Matt Timoko should have played for New Zealand at the World Cup. He didn’t, and the man that made that choice is now training him at the Raiders.
It’s an interesting wrinkle that Timoko is well aware of. These pages were clear about whether Timoko should have been playing for New Zealand in the recent World Cup (hint: big fat yes). This was vindicated by the difference between Australia and New Zealand in the semi-final of the World Cup was the dexterity and power of the Roo edges, where Michael Maguire chose Peta Hiku (an excellent and worthy selection) and former Raider (and normal fullback) Charnze Nicholl-Klokstad to play centre. Maguire landed on this pairing after also trialling backrowers Marata Niukore and Briton Nikora throughout the heats. Current teammate and centre brethren Seb Kris made the squad, but never played centre, playing one (lopsided) game on the wing against Jamaica. Safe to say Madge probably could have used a handy player like Timoko.
Outside of Hiku there wasn’t a centre of Timoko’s quality in that line-up. As we’ve noted before
He [Timoko] ran for more metres than any Raider other than Josh Papalii or Joe Tapine. Nic Cotric was the only back with more tackle breaks. He picked up nine tries and five try-assists, and improved his defence despite shifting sides and partners throughout the season…And of course that all crested when he made Cameron Munster look like the rookie taking on the star when he threw him to the ground in the elimination final.Me
Given Timoko’s unquestionable potential, and the substantial likelihood that he will play a part in New Zealand sides in the future, it was surprising Timoko never even made the squad, let alone a starting spot. According to Timoko, the communication line as to why this occurred was clear.
He [Maguire] just said ‘look there’s a few things we need to work on in terms of defence and stuff’. But with him being here it’s going to help out a lot more, not only getting Ricky’s opinion but I’m getting Madge’s opinion as well,”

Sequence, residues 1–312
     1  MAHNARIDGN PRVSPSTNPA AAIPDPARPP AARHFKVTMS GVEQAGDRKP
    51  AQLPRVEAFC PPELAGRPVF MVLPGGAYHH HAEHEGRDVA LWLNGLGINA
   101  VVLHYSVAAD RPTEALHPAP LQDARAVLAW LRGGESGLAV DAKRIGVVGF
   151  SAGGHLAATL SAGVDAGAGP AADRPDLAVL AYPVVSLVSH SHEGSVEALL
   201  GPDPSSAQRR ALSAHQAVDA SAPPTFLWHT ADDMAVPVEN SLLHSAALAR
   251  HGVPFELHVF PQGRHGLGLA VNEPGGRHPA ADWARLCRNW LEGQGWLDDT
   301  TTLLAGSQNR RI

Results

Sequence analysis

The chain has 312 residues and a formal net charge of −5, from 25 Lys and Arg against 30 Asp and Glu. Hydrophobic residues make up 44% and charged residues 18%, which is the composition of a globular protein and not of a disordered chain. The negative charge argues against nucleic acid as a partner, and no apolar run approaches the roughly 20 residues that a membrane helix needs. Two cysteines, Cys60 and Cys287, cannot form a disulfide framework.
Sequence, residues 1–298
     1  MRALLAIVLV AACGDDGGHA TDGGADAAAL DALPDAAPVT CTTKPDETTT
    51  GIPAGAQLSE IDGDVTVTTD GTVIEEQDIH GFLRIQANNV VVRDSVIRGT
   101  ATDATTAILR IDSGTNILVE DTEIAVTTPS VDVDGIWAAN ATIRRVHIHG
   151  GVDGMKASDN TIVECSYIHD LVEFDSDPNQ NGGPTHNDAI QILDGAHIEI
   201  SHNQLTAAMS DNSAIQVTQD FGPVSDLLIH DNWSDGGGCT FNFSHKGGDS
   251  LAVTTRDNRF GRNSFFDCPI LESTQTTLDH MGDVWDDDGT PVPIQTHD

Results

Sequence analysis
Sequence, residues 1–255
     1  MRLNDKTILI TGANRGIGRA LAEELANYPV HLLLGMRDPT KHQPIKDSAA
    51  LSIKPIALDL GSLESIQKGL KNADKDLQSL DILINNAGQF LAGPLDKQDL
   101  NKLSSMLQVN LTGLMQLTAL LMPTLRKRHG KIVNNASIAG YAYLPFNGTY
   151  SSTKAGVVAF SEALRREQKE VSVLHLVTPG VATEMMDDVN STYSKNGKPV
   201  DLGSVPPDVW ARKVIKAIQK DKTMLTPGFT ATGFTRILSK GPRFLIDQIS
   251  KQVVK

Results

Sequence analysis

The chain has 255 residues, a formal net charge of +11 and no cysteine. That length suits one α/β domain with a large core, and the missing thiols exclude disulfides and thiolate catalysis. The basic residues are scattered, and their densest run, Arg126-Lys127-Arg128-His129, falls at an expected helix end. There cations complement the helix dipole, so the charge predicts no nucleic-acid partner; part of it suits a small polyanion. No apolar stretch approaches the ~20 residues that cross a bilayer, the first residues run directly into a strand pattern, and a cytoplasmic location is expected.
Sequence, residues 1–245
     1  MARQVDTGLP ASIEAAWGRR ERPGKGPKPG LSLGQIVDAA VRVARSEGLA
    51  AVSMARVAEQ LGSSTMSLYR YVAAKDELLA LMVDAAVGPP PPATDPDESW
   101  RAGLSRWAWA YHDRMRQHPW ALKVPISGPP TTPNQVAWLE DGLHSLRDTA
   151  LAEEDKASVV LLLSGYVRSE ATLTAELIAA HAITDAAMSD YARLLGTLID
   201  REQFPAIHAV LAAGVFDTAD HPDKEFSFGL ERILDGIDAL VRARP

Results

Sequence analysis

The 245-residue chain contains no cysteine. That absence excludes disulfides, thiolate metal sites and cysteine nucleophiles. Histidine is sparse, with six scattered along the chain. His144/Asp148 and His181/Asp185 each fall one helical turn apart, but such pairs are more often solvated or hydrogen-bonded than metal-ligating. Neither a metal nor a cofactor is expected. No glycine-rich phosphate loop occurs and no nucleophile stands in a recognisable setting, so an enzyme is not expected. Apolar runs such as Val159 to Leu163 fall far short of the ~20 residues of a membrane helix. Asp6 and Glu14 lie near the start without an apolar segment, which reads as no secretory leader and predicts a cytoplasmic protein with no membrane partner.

It’s not surprising. Timoko’s defence is a work in progress. Earlier in the season we identified the challenges he was facing as a relatively newcomer. In short, centre is arguably the most difficult defensive position on the field, one in which you must make split-second decisions that not only require you deciphering opposition plans on the run, but that bind your team to that decision. Kudos to Maguire for making his views clear, and while Madge knows more about football than I could know in a thousand lifetimes, it felt like a short-sighted and frankly verging on panning Matthew for something the replacements he chose couldn’t muster either.
But defence at the centre is a big responsibility for (mostly) young players to take on, and Timoko is not flawless. In fact it’s really the only questionable aspect of his game. Timoko sometimes got caught trying to be patient and quicker players got around him. Other times he was poor in contact, and that was all bigger players needed to get a break. But given it was his full first season in the top line you can understand him not being perfect. Given his relative inexperience, and the fact he switched sides and partners like your mum (boom gotcha) he did really well.
Alas, that wasn’t enough to get him into the New Zealand squad. My major read of their decision was that Madge had intended to play Hiku and Nicoll-Klokstad as the starting options. After that it was about utility – they played second-rowers and fullbacks at centre, centres at winger. Timoko is a centre, and if we’re being serious, only a centre. His best skill is done in punishing runs, in attack but also in yardage, and with the host of unrelenting middles the Kiwis had in tow his skill base may not have been as important.
While there would have undoubtedly been benefits to playing international football, this situation is not without its advantages. Maguire obviously has a clear idea of what Timoko needs to do defensively and how to fix it. He has high expectations of him, and from what the young centre said above, seems to have a good capacity to communicate.
Maguire may have made a blunder in not taking Timoko to the World Cup. But if he the expectations he has of Timoko remain high, and if he’s able to support the young centre to improve his defence, it could be the making of the man.
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